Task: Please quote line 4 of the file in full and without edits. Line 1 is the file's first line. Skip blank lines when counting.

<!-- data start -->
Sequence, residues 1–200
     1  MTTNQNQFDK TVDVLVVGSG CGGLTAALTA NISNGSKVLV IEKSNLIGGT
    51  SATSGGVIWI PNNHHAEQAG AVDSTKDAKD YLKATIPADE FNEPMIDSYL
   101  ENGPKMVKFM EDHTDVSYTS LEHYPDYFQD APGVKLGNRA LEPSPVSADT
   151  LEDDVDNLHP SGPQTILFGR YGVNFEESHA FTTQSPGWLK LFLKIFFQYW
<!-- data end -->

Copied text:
   101  ENGPKMVKFM EDHTDVSYTS LEHYPDYFQD APGVKLGNRA LEPSPVSADT